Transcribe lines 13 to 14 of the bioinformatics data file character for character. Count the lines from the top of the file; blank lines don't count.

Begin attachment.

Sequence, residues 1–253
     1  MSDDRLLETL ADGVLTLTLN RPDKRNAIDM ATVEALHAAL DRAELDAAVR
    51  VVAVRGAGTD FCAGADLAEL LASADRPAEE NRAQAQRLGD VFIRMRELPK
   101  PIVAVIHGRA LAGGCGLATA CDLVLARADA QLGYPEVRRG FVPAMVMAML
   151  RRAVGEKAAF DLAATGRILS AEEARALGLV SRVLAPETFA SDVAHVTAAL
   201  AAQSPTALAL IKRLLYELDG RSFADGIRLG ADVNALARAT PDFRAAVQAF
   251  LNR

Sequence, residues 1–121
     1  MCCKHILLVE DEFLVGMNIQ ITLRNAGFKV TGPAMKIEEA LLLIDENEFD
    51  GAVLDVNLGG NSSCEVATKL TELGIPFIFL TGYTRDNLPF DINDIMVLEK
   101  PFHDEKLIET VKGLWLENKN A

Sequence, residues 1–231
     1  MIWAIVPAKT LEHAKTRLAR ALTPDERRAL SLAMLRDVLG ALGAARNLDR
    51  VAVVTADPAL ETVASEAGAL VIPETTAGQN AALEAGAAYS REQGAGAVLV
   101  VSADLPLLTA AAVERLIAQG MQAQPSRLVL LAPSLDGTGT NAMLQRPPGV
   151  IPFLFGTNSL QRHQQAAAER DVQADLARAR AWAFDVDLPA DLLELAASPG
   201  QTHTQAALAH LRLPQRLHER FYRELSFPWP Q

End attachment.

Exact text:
     1  MIWAIVPAKT LEHAKTRLAR ALTPDERRAL SLAMLRDVLG ALGAARNLDR
    51  VAVVTADPAL ETVASEAGAL VIPETTAGQN AALEAGAAYS REQGAGAVLV